Identifying and securing a franchise quarterback is and should be the No. 1 priority for the Seattle Seahawks this offseason.
Tarvaris Jackson and Charlie Whitehurst can get by for a season or two, but Seattle won't need to schedule any championship victory parades if they don't acquire their future at the game's most important position.
However, the Seahawks are in a tricky draft slot. A coin flip will decide whether Seattle drafts at No. 11 or 12, and let's be honest: No quarterback worth the value is likely to be available when the Seahawks' pick comes up. Andrew Luck will go No. 1, then Robert Griffin III is likely to go No. 2 (via trade with Rams) or shortly thereafter.
That puts general manager John Schneider in a tough spot.
Do you take a quarterback with the potential to be a franchise guy, while also reaching considerably?
Or, do you continue to build on a defense that has slowly become one of the NFL's most overlooked units?
I'd argue that the decision won't be a difficult one come April.
The Seahawks came alive on the defensive side in 2011, holding nine of their last 10 opponents under 23 points and ranking in the top-15 in both pass and run defense.
The nucleus, which includes Chris Clemons, Earl Thomas, Kam Chancellor, K.J. Wright and Brandon Browner, can match anyone's unit if the younger players in the group continue on their current career progressions.
There's a chance that if the Seahawks add another piece or two, Seattle's defense could be among the NFL's very best in 2012. And sitting pretty at No. 11 or 12 should be an impact defender at a needed position of linebacker or defensive end.
South Carolina's Melvin Ingram could be high on the list, as could Quinton Coples (UNC), Whitney Mercilus (Illinois), Michael Brockers (LSU), Nick Perry (USC), Devon Still (Penn State) and Zach Brown (UNC).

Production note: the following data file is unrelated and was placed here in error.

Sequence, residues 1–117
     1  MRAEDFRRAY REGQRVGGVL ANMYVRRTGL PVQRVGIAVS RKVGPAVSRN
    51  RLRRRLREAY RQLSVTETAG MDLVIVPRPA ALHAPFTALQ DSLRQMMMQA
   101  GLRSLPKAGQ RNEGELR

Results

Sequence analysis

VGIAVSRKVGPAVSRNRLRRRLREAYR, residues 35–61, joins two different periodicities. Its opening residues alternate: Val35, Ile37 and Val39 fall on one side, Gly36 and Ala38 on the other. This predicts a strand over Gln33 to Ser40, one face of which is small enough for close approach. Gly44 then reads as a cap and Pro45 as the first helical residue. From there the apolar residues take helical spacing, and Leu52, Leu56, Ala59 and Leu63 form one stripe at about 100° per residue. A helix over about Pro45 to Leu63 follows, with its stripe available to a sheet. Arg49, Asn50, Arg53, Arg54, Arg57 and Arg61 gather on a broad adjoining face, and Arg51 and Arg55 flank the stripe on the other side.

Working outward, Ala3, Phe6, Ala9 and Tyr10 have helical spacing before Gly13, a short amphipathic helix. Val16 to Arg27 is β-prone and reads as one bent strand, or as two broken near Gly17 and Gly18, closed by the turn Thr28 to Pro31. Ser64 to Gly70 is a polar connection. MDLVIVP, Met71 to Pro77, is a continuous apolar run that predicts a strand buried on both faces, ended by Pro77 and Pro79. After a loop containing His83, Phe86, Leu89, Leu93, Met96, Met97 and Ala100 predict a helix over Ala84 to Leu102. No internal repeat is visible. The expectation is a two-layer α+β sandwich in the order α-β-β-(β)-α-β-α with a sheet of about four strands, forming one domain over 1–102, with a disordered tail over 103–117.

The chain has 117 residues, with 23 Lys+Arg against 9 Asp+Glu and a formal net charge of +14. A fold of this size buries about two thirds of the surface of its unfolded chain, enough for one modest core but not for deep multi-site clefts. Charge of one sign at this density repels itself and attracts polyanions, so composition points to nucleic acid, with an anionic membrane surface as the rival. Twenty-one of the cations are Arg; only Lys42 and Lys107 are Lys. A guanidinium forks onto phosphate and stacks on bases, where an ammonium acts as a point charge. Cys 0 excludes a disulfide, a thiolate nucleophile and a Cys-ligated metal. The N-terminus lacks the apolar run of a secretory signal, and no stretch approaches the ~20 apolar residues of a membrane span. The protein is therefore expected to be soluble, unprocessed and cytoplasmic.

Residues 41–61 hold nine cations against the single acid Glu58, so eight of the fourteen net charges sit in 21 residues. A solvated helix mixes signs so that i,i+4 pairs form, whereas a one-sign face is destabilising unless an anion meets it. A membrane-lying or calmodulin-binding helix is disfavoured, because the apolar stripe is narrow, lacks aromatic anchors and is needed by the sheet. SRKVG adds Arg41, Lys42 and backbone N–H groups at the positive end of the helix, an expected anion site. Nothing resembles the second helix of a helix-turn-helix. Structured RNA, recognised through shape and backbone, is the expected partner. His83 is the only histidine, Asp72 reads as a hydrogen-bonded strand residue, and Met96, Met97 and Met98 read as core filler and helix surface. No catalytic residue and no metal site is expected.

Most would consider drafting any of the names above at the No. 11 or 12 spot as better values than reaching for a quarterback such as Ryan Tannehill (Texas A&M) or Brandon Weeden (Oklahoma State).
Eventually, the Seahawks will have to address that position. But the 49ers proved in 2011 that a shutdown defense and safe quarterback play can win a division.
The way the Seahawks are built right now, drafting a couple of defensive players to get closer to their division rivals makes a lot of sense.
2012 NFL Mock Draft
1. Indianapolis Colts – Andrew Luck, QB, Stanford
2. St. Louis Rams – Justin Blackmon, WR, Oklahoma State
3. Minnesota Vikings – Matt Kalil, OT, USC
4. Cleveland Browns – Robert Griffin III, QB, Baylor
5. Tampa Bay Buccaneers – Morris Claiborne, CB, LSU
6. Washington Redskins – Jonathan Martin, OT, Stanford
7. Jacksonville Jaguars – Alshon Jeffery, WR, South Carolina
8. Carolina Panthers – Quinton Coples, DE, North Carolina
9. Miami Dolphins – Riley Reiff, OT, Iowa
10. Buffalo Bills – Courtney Upshaw, OLB, Alabama
11. Kansas City Chiefs – Trent Richardson, RB, Alabama
12. Seattle Seahawks – Michael Brockers, DT, LSU
13. Arizona Cardinals – Melvin Ingram, DE/OLB, South Carolina
14. Dallas Cowboys – Dre Kirkpatrick, CB, Alabama
15. Philadelphia Eagles – Luke Kuechly, LB, Boston College
16. New York Jets – Nick Perry, LB, USC
17. Cincinnati Bengals – Janoris Jenkins, CB, North Alabama
18. San Diego Chargers – David DeCastro, OG, Stanford
19. Chicago Bears – Michael Floyd, WR, Notre Dame
20. Tennessee Titans – Zach Brown, OLB, UNC
21. Cincinnati Bengals – Lamar Miller, RB, Miami
22. Cleveland Browns – Kendall Wright, WR, Baylor
23. Detroit Lions – Alfonzo Dennard, CB, Nebraska
24. Pittsburgh Steelers – Cordy Glenn, OL, Georgia
25. Denver Broncos – Devon Still, DL, Penn State
26. Houston Texans – Dontari Poe, NT, Memphis
27. New England Patriots – Mark Barron, S, Alabama
28. Green Bay Packers – Whitney Mercilus, DE/OLB, Illinois
29. Baltimore Ravens – Vontaze Burfict, LB, Arizona State
30. San Francisco 49ers – Mohamed Sanu, WR, Rutgers
31. New England Patriots – Peter Konz, C, Wisconsin
32. New York Giants – Dont'a Hightower, LB, Alabama
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